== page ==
Where to start with gardening in March?
With the arrival of Spring it's now time to put all your garden plans into action as there are plenty of jobs to be starting. It's time to get busy sowing and growing!
March is a great time to focus on your borders. If the ground allows, it's time for some weeding! Mulch is a great addition as it acts as a barrier against weeds, insulates roots from the cold, provides nutrients and keeps soil moist.
Now is the perfect time to plant your summer flowering bulbs too, they look great in containers and pots. If you plant two or three different layers it will create an impactful seasonal display. Alternatively you can pack full with the same variety of bulbs for a simple but spectacular statement. Think about Dahlias, there are so many varieties and make for great cut flowers too.
Your Sow-Grow-Eat plans should now be well under way. Mid month is a good time to plant onions, shallots and early potatoes (see another handy blog on seed potatoes here). Time spent in the greenhouse sewing vegetables and salad seeds will provide not only a great harvest, but 100% satisfaction when you can eat what you have put such hard work into. If you dont have a lot of room why not plant up herbs such as pots of mint, tarragon, thyme and rosemary. You could try growing vegetables you have never grown before, there are so many fantastic new varieties available which are often very forgiving!
Plant Summer flowering bulbs
Summer flowering bulbs create a great show of colour and help to attract bees & butterflies into your garden. They look great in borders amongst evergreen shrubs and perrenials or use containers and pots, to make for a very versatile garden that you can move around! Dahlias, and Lillies are great options with many types on offer of varying colour and sizes.
Plant onions and shallot sets.
Its time to get ahead with veg! They prefer a sunny position with well drained soil. Its well worth preparing the soil well prior to planting, for onions spacing 10-15cm apart and 30cm between each row, for shallots space 18cm apart and 30 cm between each row. The tip of each bulb should be just protruding through the surface of the soil if planted at the correct depth.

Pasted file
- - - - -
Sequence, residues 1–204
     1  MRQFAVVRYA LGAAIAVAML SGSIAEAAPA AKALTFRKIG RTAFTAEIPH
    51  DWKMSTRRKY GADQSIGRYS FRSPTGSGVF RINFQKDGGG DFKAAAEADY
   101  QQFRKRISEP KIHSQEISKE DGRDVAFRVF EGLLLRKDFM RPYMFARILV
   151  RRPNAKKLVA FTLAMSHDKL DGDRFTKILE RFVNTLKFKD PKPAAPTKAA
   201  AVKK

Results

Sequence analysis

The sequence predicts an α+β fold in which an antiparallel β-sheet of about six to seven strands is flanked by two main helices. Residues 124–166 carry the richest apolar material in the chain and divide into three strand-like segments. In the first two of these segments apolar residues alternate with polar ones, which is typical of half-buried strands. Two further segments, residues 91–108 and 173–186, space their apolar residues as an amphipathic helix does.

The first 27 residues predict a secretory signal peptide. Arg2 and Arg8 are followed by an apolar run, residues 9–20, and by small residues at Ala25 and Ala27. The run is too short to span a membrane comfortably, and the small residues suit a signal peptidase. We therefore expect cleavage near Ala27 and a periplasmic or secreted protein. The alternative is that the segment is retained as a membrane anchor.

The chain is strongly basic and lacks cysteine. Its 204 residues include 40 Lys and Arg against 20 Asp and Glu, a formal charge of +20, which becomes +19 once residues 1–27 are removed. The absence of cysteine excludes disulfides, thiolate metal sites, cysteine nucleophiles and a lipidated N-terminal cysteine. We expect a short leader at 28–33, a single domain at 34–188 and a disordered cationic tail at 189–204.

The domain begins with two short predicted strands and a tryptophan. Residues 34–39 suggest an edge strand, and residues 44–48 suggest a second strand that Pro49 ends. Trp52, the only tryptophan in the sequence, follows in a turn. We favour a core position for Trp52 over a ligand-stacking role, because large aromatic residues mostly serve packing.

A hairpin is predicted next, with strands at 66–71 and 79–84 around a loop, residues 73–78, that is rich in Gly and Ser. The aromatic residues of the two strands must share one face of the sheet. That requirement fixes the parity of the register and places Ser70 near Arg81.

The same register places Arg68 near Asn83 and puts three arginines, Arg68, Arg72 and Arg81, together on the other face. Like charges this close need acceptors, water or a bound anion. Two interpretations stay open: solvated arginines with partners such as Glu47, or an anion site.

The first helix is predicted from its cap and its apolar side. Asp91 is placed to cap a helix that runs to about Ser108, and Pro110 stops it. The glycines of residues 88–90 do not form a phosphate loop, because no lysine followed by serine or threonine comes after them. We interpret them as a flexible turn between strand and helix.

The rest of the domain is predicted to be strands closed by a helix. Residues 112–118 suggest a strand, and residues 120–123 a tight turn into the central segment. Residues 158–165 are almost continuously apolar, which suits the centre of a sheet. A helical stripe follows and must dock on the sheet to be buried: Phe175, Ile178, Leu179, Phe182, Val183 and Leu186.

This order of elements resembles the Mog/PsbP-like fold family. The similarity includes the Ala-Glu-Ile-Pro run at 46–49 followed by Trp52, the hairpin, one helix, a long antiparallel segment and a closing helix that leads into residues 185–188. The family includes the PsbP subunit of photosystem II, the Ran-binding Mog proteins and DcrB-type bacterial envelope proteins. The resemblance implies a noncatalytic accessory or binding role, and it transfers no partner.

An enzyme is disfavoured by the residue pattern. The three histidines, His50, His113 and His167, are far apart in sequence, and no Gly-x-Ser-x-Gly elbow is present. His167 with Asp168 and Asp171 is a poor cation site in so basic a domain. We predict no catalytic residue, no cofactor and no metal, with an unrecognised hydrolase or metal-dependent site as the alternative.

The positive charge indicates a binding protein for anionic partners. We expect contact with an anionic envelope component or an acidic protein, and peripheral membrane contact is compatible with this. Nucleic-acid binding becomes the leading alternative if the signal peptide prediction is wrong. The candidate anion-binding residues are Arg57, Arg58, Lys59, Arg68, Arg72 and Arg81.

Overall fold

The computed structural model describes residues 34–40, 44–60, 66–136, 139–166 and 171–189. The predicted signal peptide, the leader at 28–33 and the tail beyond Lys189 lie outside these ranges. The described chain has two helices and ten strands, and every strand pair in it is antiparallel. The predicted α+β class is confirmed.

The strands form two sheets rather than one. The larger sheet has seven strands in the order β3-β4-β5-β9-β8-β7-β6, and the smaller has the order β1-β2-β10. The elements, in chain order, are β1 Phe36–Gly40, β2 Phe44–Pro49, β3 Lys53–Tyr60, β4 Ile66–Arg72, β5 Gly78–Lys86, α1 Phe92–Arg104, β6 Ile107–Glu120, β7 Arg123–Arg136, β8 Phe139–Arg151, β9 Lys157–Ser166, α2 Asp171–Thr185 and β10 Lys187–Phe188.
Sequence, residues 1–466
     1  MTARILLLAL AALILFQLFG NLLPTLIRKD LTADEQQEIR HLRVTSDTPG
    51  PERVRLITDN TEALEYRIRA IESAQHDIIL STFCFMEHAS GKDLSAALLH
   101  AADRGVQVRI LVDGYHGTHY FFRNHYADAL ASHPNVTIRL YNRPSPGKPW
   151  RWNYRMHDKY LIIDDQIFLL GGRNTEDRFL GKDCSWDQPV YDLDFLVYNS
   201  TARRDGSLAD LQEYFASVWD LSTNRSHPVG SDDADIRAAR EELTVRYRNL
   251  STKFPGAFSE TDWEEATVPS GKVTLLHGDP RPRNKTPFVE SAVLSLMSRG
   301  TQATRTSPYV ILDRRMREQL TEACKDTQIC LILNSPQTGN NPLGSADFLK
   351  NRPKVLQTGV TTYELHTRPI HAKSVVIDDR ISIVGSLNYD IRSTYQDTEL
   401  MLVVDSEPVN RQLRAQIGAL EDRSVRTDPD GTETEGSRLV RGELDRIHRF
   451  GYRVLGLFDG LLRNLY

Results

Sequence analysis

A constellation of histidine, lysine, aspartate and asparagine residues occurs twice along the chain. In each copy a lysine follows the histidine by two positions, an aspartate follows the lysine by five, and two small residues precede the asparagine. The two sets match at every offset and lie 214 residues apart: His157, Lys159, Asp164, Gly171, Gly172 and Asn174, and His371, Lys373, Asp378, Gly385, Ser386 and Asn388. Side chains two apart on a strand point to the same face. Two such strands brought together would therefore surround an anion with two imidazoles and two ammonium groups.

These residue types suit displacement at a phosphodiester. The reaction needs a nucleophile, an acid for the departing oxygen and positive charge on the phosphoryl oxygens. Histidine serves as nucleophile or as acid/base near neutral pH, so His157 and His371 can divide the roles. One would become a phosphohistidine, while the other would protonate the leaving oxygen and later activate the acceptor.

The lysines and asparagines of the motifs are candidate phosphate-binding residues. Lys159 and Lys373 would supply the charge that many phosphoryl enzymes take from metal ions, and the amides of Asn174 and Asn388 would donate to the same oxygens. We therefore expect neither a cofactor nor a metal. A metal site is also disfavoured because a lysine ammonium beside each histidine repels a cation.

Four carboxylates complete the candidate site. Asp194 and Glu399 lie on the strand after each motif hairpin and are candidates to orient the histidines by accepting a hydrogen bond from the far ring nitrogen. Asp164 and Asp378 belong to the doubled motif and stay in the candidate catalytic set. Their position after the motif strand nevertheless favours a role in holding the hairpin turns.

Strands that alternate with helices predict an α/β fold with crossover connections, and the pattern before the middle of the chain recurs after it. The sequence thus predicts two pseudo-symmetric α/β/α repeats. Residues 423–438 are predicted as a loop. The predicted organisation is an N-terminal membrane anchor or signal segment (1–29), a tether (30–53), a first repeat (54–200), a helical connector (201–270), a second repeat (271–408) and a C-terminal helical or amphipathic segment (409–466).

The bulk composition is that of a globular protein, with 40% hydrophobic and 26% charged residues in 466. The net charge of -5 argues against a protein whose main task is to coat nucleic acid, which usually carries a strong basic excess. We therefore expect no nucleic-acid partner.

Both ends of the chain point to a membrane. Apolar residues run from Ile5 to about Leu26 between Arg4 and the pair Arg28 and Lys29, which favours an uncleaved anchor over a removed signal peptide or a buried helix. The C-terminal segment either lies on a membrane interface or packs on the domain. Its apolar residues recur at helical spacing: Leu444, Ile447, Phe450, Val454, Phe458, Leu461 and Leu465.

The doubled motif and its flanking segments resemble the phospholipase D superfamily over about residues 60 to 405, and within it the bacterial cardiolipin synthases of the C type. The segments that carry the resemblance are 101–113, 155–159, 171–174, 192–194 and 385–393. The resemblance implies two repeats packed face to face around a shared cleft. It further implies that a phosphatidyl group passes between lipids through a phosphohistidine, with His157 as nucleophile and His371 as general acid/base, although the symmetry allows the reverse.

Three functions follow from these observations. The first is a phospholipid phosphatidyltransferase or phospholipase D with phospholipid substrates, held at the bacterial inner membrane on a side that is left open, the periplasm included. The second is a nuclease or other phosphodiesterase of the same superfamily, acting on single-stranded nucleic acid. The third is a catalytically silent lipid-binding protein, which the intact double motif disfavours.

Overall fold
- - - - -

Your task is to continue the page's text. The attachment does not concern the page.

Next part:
Keep weeds under control.
As the temperatures start to increase be sure to keep existing and emerging weeds under control with regular hoeing and mulching, it’s a great time to keep ahead of those weeds if the ground conditions allow!
Sow aubergines, chillies and tomatoes.
Its time for more sowing! Think of the delicious harvest that lies ahead. Tomatoes, aubergines & chilli's need a long growing season due to our unpredicatable climate so it’s a great time to start them now. For the best results sow them under glass to get good strong seedlings ready for planting out.
Start sowing hardy annuals outdoors.
Providing the conditions are not too cold and wet, you can now start sowing hardy annuals. Prepare the soil well prior to sowing, removing weeds and raking it to a fine tilth. The soil does not need enriching for this job. For a great show we suggest California Poppies which offer very easy care blooms or Wallflowers which like a sunny well drained spot.
Top dress planted pots with fresh compost.
Permanently planted pots can be revitalised by scraping away the top layer of compost and replacing with new compost gently mixing in with a fork or trowel.
Keep slugs at bay.
Slugs start to appear as the temperatures improve. Keep an eye on young shoots in particular as these are most favoured by slugs. It's best to have a plan to keep them away for the whole season using various slug preventions before the damage begins.
Deadhead Hydrangeas before new growth appears.
Buds for the new seasons growth are protected from the elements throughout the winter by the spent blooms. As temperatures begin to improve now is the time to remove any dead leaves and flowers to ensure the plant diverts it energy back to the new growth. Ensure you snip last seasons foliage away well above the new buds.
Care for your indoor plants.
It's important to give your house plants a health check. Check for disease or insect infestation so you can act appropriately before what ever it is takes hold! It's good habit to start checking your indoor plants for water now too. Those which love humidity might look sad fairly quickly if they become too dry as the weather starts to warm up. Check the top inch of soil for moisture and water accordingly to the variety you have if it feels particularly dry.
Deadhead spring flowering bulbs.
At the end of the month start to deadhead any Spring flowering bulbs that are spent. Be sure to leave the foliage to die back naturally so that the goodness goes back into the bulb for next year's spring flourish.